Rahmani cousins settle messy family lawsuit over brokerage commissions

Joseph and Daniel Rahmani have resolved their dispute with Ebi Khalili and Josh Rahmani

New York /
Apr.April 21, 2017 09:30 AM

They’ve called a family truce.

Brothers Joseph and Daniel Rahmani, formerly of Venture Capital Properties, have settled a lawsuit against their cousins and one time partners in the commercial brokerage, according to attorneys involved in the settlement talks.

Joseph and Daniel Rahmani sued Ebi Khalili and Arash “Josh” Rahmani, also brothers, in 2015, alleging they’d used the company as their own personal piggy bank and tried to shut them out of deals.

“The parties have amicably resolved their dispute, cleared each other of any allegations of wrongdoing and look forward to pursuing their respective real estate businesses in New York,” according to a joint statement issued by Darren Oved and Andrew Urgenson of Oved & Oved, who represented Khalili and Josh Rahmani, and Michael Maizes of Maizes and Maizes, who represented Joseph and Daniel Rahmani.

The attorneys declined to comment further on the particulars of the settlement.

In the suit, the plaintiffs claimed Khalilli had fired them by email, after years of mistreatment and abuse.

“I urge you both to not take this as a joke if you come I will have the security escort you out,” the email allegedly read, according to the complaint.

They also alleged that their cousins had improperly pocketed hundreds of thousands — if not millions of dollars — after failing to split commissions with the company. In turn, Khalili and Josh accused their cousins of concealing commissions related to Sitt Asset Management’s $27 million sale of the Venetian in Brooklyn in 2014.

Daniel and Joseph have since joined a new brokerage, Capital Property Partners. Khalili and Josh are partners at real estate investment firm Empire Capital Holdings.

Family lawsuits aren’t exactly a rarity in the real estate world. Commercial broker Aaron Jungreis squared off against his own nephew in 2015 and developer Ben Shaoul was even sued by his own parents.

Eddie Sitt also accused his brother Ralph Sitt of squeezing him out of the family business in an attempt to gain full control of its holdings.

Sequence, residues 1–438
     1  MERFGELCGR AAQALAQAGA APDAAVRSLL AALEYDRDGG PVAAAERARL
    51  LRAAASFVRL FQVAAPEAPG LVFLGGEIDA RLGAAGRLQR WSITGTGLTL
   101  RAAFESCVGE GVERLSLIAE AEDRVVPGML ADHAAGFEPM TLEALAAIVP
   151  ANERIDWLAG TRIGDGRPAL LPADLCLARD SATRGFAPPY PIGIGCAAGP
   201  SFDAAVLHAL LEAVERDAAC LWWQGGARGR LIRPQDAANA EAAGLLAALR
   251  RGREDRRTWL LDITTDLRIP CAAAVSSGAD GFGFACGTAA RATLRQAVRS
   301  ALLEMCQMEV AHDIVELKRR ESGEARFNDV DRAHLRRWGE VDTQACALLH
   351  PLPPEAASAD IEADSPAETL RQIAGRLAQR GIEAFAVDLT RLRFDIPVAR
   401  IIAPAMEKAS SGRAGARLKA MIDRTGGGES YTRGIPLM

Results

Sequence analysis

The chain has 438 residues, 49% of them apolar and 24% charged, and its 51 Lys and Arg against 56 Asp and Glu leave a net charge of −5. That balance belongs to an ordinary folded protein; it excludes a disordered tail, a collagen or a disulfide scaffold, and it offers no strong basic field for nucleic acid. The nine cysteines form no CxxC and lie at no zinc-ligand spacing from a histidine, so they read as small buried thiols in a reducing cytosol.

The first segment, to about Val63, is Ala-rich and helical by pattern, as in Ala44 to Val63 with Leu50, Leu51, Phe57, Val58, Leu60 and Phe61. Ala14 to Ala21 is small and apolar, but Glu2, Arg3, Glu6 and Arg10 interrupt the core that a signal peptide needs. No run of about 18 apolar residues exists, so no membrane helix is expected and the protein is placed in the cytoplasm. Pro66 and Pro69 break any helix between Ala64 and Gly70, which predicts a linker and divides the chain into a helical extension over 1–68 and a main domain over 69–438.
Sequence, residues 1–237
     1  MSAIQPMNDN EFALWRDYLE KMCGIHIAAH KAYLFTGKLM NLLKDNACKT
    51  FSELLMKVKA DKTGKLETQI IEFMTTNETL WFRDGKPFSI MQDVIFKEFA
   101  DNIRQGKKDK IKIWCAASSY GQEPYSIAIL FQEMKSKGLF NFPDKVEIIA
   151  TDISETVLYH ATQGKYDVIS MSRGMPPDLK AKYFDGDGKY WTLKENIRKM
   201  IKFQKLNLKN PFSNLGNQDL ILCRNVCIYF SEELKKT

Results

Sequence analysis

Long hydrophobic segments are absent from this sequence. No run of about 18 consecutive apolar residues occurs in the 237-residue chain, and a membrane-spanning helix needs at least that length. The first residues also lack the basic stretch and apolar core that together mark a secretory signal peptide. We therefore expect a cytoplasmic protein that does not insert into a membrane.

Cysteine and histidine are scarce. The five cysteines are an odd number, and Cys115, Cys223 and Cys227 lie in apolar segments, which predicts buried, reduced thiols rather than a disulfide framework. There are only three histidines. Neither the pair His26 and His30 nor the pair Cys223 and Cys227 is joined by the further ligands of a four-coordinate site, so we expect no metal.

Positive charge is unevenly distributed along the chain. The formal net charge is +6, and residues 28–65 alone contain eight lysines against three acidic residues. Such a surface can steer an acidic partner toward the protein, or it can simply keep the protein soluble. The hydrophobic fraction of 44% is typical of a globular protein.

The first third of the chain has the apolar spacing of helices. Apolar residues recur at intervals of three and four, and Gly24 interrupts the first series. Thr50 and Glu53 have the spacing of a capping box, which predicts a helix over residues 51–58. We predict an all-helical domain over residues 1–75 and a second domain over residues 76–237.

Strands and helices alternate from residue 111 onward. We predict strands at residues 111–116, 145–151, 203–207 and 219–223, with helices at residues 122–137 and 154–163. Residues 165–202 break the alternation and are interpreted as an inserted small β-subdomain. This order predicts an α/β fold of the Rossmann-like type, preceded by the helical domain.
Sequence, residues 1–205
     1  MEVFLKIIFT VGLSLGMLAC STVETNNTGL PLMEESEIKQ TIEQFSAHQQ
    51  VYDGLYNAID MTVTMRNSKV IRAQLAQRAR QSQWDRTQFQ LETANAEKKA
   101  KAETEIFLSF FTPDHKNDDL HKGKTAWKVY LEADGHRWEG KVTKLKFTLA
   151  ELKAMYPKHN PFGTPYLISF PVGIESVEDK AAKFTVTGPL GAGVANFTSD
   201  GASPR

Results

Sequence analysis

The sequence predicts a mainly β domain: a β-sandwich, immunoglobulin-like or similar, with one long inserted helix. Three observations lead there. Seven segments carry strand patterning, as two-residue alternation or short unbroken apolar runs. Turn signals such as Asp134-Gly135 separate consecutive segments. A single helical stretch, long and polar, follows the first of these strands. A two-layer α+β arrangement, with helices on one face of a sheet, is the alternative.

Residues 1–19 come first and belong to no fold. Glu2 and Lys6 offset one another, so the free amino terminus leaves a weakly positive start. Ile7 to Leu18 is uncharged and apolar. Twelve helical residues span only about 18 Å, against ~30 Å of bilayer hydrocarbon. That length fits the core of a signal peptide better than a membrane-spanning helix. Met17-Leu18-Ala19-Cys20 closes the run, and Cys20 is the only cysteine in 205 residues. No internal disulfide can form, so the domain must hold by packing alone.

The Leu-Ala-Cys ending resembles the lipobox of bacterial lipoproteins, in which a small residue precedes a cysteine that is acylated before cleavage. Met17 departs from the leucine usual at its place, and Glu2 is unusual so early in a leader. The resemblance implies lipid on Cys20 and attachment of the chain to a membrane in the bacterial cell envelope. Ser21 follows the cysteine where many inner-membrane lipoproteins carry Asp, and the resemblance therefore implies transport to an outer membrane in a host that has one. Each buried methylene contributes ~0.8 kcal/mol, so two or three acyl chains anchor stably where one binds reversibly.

Related Articles

arrow_forward_ios
The Broadway location of Halloween Adventure (Facebook via New York Costumes / Halloween Adventure)
Halloween Adventure to vacate East Village home as retail condo hits market
Halloween Adventure to vacate East Village home as retail condo hits market
Bluerock Residential CEO Robert Ramin Kamfar (Owler)
NY-based multifamily REIT Bluerock explores sale
NY-based multifamily REIT Bluerock explores sale
Two more rent law challenges tossed, landlords reserve hope in appeal
Two more rent law challenges tossed, landlords rest hopes on appeal
Two more rent law challenges tossed, landlords rest hopes on appeal
Purchases across the country rose 0.7 percent in August, easily outpacing estimates by retail analysts. (iStock)
Big month for retail sales bodes well for landlords
Big month for retail sales bodes well for landlords
A rendering of River Ring with Two Trees CEO Jed Walentas (BIG, Getty)
CB1 approves Two Trees’ River Ring, keeping project on pace
CB1 approves Two Trees’ River Ring, keeping project on pace
250 Park Avenue and IWG CEO Mark Dixon (Google Maps, IWG)
IWG to open 58K sf co-working site on Park Ave
IWG to open 58K sf co-working site on Park Ave
Tritec Principal Robert Coughlan with the project (Tritec)
Tritec lands $173M for Bay Shore Residences
Tritec lands $173M for Bay Shore Residences
A recent report by Harvard’s Joint Center for Housing Studies shows mom-and-pop landlords were hit harder than big firms by rental delinquencies. (iStock)
Mom-and-pop landlords, Black tenants hit harder by pandemic: report
Mom-and-pop landlords, Black tenants hit harder by pandemic: report
arrow_forward_ios

The Deal's newsletters give you the latest scoops, fresh headlines, marketing data, and things to know within the industry.

Loading...